The Canon RF 85mm f/2 Macro IS STM is a hugely welcome addition to the rapidly matured RF mount lineup, providing users with an affordable, compact and high performance portrait prime – and one that does double duty for macro shooting.
By contrast, the RF 85mm f/2 has more in common with the Canon RF 35mm f/1.8 IS STM. Not only because both lenses feature 1:2 macro shooting, but because they're affordable everyday optics that legitimize the RF product line as an everyman system – not just one for the super rich. So, while both lenses are equally at home on the mighty Canon EOS R5, they're ideal dance partners for the Canon EOS RP.
Still, can an f/2 lens really compare to an f/1.2 version that costs 2,000 bucks more? You may be surprised…
Canon RF 85mm f/2 Macro IS STM specifications
Mount: Canon RF
Full frame: Yes
Image stabilization: 5 stops (8 stops with R5 or R6)
Lens construction: 12 elements in 11 groups
Angle of view: 24º, 16º, 28º 30' (horizontal, vertical, diagonal)
Diaphragm blades: 9
Minimum aperture: f/2-29
Minimum focusing distance: 0.35m
Maximum magnification ratio: 0.5x
Filter size: 67mm
Dimensions: 78 x 90.5mm
Canon RF 85mm f/2 Macro IS STM key features
Aside from its price tag, made possible in part by its use of a stepper motor (STM) rather than the more expensive ultrasonic motor (USM) employed by its big brother, the Canon RF 85mm f/2 features a number of compelling selling points.
Where its big, bulky f/1.2L notably omitted any image stabilization, this f/2 version boasts 5 stops of IS as standard. However, when combined with the IBIS systems of the R5 and Canon EOS R6, it can achieve an unbelievable 8 stops of stabilization – which is valuable not only for shooting portraiture, but also for shooting other kinds of handheld close-ups.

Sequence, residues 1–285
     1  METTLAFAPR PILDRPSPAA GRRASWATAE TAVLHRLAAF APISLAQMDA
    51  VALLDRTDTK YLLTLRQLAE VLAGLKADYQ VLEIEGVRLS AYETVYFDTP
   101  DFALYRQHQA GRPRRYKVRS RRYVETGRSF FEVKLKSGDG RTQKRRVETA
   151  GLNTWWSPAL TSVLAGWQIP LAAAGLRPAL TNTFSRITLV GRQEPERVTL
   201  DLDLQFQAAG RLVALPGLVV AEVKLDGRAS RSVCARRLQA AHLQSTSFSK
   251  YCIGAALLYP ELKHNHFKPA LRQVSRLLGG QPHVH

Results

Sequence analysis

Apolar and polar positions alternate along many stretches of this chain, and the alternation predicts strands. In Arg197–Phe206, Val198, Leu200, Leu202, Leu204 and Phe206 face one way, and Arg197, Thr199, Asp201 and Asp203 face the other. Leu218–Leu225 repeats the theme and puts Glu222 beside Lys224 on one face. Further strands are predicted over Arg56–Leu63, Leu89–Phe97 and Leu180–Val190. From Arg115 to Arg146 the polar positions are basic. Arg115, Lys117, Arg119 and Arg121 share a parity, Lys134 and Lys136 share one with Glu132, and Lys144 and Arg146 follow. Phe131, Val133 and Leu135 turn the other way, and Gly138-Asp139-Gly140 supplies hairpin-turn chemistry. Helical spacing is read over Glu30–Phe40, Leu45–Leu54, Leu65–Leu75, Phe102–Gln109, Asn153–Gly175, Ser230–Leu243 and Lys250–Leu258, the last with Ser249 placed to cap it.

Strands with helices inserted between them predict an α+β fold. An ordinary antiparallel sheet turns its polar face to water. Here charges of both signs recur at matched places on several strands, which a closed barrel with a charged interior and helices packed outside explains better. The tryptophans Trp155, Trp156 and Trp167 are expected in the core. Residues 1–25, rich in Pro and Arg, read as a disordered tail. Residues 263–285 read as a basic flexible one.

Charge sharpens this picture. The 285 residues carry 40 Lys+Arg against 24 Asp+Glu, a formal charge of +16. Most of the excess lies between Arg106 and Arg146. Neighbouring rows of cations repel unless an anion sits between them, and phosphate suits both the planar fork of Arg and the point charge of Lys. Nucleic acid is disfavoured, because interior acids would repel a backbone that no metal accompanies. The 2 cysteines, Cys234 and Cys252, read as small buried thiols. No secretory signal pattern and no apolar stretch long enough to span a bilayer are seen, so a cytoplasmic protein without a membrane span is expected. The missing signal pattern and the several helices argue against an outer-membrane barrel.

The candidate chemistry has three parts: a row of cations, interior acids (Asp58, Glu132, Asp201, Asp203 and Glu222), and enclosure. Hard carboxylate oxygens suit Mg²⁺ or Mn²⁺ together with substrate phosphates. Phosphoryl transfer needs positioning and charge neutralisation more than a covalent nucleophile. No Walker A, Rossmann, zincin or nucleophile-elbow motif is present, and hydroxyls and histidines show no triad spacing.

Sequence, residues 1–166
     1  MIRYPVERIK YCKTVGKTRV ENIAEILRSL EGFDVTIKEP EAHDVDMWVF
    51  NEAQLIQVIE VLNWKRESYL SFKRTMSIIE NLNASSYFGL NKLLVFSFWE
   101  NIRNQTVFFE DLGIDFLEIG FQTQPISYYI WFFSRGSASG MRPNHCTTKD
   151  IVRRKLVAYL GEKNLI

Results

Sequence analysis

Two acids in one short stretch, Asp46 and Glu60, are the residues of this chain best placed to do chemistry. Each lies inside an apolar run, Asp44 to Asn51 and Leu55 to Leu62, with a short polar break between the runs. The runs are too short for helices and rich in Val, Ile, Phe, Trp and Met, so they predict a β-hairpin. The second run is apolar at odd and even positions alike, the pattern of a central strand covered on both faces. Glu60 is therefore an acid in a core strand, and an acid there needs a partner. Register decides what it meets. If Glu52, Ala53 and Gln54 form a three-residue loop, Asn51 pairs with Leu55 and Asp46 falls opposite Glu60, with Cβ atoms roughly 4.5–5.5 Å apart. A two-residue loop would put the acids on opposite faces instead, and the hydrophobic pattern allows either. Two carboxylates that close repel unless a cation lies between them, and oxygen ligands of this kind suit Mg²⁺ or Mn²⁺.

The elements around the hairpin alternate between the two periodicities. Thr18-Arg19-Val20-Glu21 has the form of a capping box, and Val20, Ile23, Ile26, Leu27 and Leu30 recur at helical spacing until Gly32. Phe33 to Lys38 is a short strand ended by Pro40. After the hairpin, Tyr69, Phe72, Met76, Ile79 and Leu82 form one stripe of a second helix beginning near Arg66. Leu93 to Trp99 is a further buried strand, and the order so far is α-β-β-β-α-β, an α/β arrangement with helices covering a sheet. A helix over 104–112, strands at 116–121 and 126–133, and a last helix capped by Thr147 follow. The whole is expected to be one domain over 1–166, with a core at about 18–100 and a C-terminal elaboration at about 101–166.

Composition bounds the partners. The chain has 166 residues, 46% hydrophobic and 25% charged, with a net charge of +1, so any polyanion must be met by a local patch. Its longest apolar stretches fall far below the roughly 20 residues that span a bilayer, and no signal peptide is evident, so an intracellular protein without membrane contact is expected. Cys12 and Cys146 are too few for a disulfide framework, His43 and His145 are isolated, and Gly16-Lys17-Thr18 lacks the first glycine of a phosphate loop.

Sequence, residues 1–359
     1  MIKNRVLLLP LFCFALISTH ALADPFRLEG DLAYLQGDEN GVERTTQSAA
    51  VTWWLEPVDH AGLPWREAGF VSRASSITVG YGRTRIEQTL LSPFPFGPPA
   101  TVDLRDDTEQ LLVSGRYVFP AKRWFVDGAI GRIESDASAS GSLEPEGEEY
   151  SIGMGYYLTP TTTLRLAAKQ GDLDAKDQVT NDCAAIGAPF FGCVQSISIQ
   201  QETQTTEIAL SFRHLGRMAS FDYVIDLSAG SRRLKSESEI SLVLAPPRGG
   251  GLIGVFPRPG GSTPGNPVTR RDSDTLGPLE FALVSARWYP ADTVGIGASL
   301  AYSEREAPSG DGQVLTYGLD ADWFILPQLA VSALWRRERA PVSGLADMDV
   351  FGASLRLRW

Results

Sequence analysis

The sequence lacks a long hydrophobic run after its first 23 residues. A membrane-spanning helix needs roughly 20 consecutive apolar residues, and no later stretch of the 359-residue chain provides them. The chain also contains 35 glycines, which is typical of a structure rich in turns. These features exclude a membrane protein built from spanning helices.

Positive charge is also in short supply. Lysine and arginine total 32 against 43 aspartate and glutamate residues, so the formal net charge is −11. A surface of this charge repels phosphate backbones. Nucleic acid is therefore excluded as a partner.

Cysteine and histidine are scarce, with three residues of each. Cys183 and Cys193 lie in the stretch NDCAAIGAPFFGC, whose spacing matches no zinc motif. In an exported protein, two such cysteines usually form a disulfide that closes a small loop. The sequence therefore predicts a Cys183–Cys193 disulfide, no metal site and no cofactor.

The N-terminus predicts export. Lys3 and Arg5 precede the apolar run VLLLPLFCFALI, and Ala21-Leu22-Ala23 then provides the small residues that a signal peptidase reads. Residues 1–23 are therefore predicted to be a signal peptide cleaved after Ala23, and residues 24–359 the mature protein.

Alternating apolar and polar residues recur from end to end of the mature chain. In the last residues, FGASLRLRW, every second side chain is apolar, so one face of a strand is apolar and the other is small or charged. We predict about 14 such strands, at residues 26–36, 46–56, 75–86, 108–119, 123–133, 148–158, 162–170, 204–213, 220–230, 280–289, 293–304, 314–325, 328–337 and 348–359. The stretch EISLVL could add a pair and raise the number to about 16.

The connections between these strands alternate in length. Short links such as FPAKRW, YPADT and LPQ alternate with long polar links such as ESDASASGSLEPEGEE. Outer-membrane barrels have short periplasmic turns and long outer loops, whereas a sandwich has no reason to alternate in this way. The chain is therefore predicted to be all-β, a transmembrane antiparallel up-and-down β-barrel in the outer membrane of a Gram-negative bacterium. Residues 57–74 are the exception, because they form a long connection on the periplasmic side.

The lens features light macro capabilities, with a 1:2 reproduction ratio. While it's not a ‘true’ 1:1 life-size ratio, that 50% magnification still enables you to get incredibly close to your subjects to capture fine detail – with an useful 350mm minimum focusing distance (or 210mm working distance).
The f/2 aperture again isn't as fast as the L-series lens, but with 9 aperture blades it still renders beautifully soft backgrounds and very pleasant bokeh, with fast and accurate autofocus that maximizes performance on the EOS R and RP and keeps up with the blisteringly fast R5 and R6.
Canon RF 85mm f/2 Macro IS STM build & handling
The Canon RF 85mm f/2 is a pleasingly compact lens, measuring just 78 x 91mm (with a filter size of 67mm) and weighing in at just 500g. It's a great size not only for packing into a small camera bag if you want to travel light, but also balances wonderfully on the svelte EOS R bodies – neither of which can be said of the f/1.2L.